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CHECHNYA LINKS LIBRARY

November 6th 2007 · Prague Watchdog / Ruslan Isayev · PRINTER FRIENDLY FORMAT · E-MAIL THIS · ALSO AVAILABLE IN: RUSSIAN 

Mikhalkov's film "12" screened in Moscow and Chechnya

Mikhalkov's film "12" screened in Moscow and Chechnya

By Ruslan Isayev

CHECHNYA - At the end of last week Russia’s President Vladimir Putin had a screening at his residence in Novo-Ogarevo of Nikita Mikhalkov’s film 12. The screening took place in the presence of the film crew and the presidents of Ingushetia and Chechnya. After watching the film, Putin said that it “brought a tear to the eye”. The movie also received positive reactions from the film crew and the two presidents.

Over the past fifteen years the Russian film industry has created an entire cinematic genre that is based on Chechen subjects. Practitioners of the genre have included Alexander Sokurov, Andrei Konchalovsky, Nikita Mikhalkov, Sergei Bodrov Jr., and many other directors. Russian filmgoers are now more inclined than they were to enjoy watching films about the psychological effects of the war on the minds of Russians and of Chechens themselves. But almost invariably these films bear the clear marks not only of distortion, but also of attempts to manipulate society.

The plot of 12 is extremely simple: 12 jurors are deciding the fate of a young Chechen man accused of murdering his stepfather, who is a Russian soldier. At the beginning of the film 11 of the 12 jurors are ready to find the Chechen guilty. But by the end, after many hours, the jury is compelled to reach the unanimous verdict that the boy is innocent.

As usual, one of the characters in Mikhalkov's film is played by the director himself. It is he who utters the key words to the effect that if this young Chechen is set free, the aggressive environment in which he lives will prove to be more destructive to him than prison. The lad is found innocent, and Mikhalkov’s character finally takes him under his wing.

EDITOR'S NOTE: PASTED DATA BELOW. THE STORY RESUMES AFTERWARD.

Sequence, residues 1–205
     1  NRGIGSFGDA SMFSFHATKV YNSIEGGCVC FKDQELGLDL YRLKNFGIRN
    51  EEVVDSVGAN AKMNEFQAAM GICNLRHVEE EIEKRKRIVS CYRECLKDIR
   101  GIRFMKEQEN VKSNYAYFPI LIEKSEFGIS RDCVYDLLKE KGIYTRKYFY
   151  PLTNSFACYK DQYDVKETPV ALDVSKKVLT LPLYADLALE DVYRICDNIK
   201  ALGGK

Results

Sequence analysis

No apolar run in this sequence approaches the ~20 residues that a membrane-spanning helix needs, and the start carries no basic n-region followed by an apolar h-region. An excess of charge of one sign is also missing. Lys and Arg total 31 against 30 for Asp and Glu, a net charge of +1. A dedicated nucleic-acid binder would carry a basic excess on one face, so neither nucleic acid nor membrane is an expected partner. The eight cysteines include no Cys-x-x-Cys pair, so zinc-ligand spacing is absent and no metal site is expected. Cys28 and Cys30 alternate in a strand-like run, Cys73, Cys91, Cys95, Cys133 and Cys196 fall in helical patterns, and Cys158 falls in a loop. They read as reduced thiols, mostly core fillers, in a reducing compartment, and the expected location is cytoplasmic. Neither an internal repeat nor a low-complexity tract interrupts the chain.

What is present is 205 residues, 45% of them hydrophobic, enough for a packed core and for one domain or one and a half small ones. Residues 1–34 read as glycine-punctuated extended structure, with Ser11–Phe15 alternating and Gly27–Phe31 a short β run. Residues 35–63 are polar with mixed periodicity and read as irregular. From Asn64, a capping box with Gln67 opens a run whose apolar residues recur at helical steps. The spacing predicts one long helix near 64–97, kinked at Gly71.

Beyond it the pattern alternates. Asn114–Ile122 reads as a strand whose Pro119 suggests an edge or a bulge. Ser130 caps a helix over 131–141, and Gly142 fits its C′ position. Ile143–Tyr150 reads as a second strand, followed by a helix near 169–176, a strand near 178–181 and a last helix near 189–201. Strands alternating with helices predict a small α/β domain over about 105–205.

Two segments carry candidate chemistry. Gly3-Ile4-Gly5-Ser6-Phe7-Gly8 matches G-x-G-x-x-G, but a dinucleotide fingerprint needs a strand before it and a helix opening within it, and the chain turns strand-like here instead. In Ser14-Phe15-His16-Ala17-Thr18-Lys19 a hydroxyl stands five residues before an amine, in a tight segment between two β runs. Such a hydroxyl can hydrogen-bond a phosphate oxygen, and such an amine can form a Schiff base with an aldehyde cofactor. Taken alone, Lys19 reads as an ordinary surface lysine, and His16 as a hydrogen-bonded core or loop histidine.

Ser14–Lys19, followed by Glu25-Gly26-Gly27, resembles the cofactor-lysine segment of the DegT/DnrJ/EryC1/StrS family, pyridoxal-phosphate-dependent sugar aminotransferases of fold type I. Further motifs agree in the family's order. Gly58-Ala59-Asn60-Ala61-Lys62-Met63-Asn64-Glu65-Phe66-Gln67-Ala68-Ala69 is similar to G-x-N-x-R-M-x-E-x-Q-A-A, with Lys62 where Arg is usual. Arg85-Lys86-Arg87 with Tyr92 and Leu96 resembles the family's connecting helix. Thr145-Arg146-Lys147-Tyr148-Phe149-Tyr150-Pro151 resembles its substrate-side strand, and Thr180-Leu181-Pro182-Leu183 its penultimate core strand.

The film lets viewers imagine themselves in the role of the jury, but not without bestowing the customary sobriquets on Chechens, such as "vermin,” “rats”, “animals", etc. It also contains a large number of serious factual errors. This is understandable, as it is designed for a Russian audience, not a Chechen one. The director takes no account of Chechen traditions, not does he even try to do so. In one scene the boy's father is shown shouting abuse at him for dancing the lezginka; in another, after the father’s death, no relatives can be found to take the lad into their family; and the mother’s relatives become reconciled to the fact that she has living with a Russian soldier.

Immediately after the Novo-Ogarevo viewing, the film was shown in Chechnya on one of the local television channels there.

"It left a bad taste in one’s mouth, the taste of Mikhalkov’s bile," said Arbi, a resident of Grozny who saw the film. "I really didn’t like the film at all, because it’s highly unlikely that a jury would discuss the fate of each individual Chechen like that. They’d be much more likely just to vote, and that would be that,” he added.

"The film is not about Chechnya, but the Russian public, and Chechnya appears in it as a kind of catalyst," Timur Aliyev, editor of the Chechen Society newspaper believes. "The jury is really made up of today's Russian society, and unfortunately that society is not prepared to open its eyes to what is around it. Like a sponge, it has absorbed the whole of the negative image of Chechens that’s been fed to it by propaganda. In my opinion, the film is a feeble attempt to show that Russia is trying to knock that out of itself. But it still can’t get by without some surreptitious jeering at liberal forces, of the kind that’s presented by one of the jurors," Aliyev said.

"How can it be that a Chechen woman who has just buried her husband marries a Russian soldier? Why didn’t Mikhalkov’s Chechen interpreters advise him that this is impossible? Why did a Chechen actress play the role? It’s shameful!" Salavdi, who teaches the Chechen language, says angrily. "The film is no better than the ones in which Russian spetsnaz officers kill five or six Chechen guerrillas with a single shot," he believes.

Natalya Estemirova, who is a member of the Chechen branch of the Russian human rights organization Memorial, said: “Mikhalkov’s film touches on a theme that is a very painful one for Chechens – that of Russian justice for Chechens. It would be nice if the fate of all Chechens who are accused of something in Russia were to resemble the fate of the movie’s hero. In fact, however, scores of innocent Chechens are given long periods of imprisonment for crimes they didn't commit. In other words, Mikhalkov is doing what he knows best, but his film won’t get an Oscar."


(Translation by DM)

(D/T)

  RELATED ARTICLES:
 · Film "12" on the website of the Trite production company
 · Film "12" on IMDB
 · "12" as Putin's defence (ej.ru, 19.10.2007)



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